Magazine article Sunset

Walk This Way

Magazine article Sunset

Walk This Way

Article excerpt

I'm so glad I doubted Tom Courtney.

Otherwise, I wouldn't be standing with him on the bluffs of Dana Point Headlands Preserve under a perfect blue sky, looking north at a double curve of seashore all the way to Laguna Beach. This vista and the subtle perfume--the strong tang of sage, the iodine snap of the Pacific--transported me back several decades to the days when the Orange County oceanfront was my favorite place to be. Amazingly, the beaches below still look pretty much the way they did when I was a kid. Just as amazing to me was the fact that I'd hiked 19 miles for this view. We were two-thirds through a three-day, 27-mile inn-to-inn coastal walk that I hadn't been sure was possible. And which proved much richer and more revelatory than I could have imagined.

Courtney is the author of the new book Walkabout Malibu to Mexico: Hiking Inn to Inn on the Southern California Coast. It promises to give readers 200 miles of self-guided hiking, much of it along unspoiled shoreline. I was skeptical. I was familiar with Courtney's terrific website, Walkabout California. And friends had raved about the carefully vetted itineraries in his first book, Walkabout Northern California: Hiking Inn to Inn.

But in densely populated, ardently auto-centric SoCal, much of the beachfront is highly developed and highway adjacent. It was already headed that way when I was growing up there. Could Courtney really have found seaside access by foot from northern L.A. County to the border, and wilderness west of the Pacific Coast Highway?

In my role as investigative traveler, I called Courtney and politely expressed incredulity. He understood. "When I got the idea, on a visit to Leo Carrillo State Beach in Malibu, I wasn't sure I'd be able to walk all the way to Mexico," he told me. "Then I started mapping the hikes and found that I could--and that much of the way is wild and unchanged. But let me convince you," he said. "Come with me on my favorite part of the southern route--the Newport Beach to San Clemente leg. You'll see what I'm talking about."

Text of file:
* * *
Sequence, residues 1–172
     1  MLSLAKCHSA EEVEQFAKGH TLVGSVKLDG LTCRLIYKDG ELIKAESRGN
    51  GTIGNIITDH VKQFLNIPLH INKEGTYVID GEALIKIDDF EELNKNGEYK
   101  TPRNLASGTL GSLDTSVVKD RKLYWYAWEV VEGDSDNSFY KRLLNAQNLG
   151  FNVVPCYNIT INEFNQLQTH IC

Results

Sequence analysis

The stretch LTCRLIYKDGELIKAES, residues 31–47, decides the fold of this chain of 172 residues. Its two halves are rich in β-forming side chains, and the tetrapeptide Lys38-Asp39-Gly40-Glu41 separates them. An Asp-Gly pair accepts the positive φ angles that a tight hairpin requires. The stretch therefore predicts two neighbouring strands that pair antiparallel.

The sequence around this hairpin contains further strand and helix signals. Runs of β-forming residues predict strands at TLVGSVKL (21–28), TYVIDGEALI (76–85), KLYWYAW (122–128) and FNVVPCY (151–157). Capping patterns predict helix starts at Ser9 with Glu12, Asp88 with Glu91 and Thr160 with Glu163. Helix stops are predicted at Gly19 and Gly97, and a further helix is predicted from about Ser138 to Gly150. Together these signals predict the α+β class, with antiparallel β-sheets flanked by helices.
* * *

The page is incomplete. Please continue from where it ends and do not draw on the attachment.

I was pleased to accept. Growing up in Whittier, I'd spent many a weekend with my family tidepooling at Corona del Mar, racing into the waves at Doheny, or camping at San Clemente. On various strands, my high school friends and I basted ourselves with baby oil and tanned competitively. In college, my boyfriend and I body-surfed Newport Beach. Then I moved north for grad school and east for work. I hadn't seen this stretch of Pacific since then, except to catch a few glimpses from the freeway.

So on a cloudless Monday morning, Courtney and I hoisted our daypacks--all we'd need for the entire trek--and headed south from Newport Pier at 7 a.m. in order to hit low tide (which Courtney checked online). For about a mile, we followed a paved promenade along the wide beach, empty except for surfers. Then we hopped a small ferry for a five-minute ride across Newport Bay to Balboa Island, created in the early 1900s when developers dredged the estuary. The last time I visited Balboa, I was 9. Passing the lovely (and now pricey) bayside cottages separated by tiny but exuberant gardens, I suddenly remembered the highlight of that trip--seeing my first live seastar, clinging to a dock piling. I'd forgotten until now how utterly thrilled I was by the nearness and realness of that little creature; the world shimmered with new possibilities.

We crossed the bridge connecting Balboa to the mainland, walking up steep streets in a tony rliffside neighborhood with killer views and two yacht clubs, then down one of the many public stairways connecting bluffs and beaches. As we skirted the surf along Corona del Mar State Beach, I made a snarky crack about wilderness hiking within sight of one-percenter mansions. Courtney laughed. He's a twinkle-in-the-eye kind of guy, elfin at 66 (but picture a tall, strong elf). "Yes, we have to go through civilization sometimes to get back to nature," he said. …

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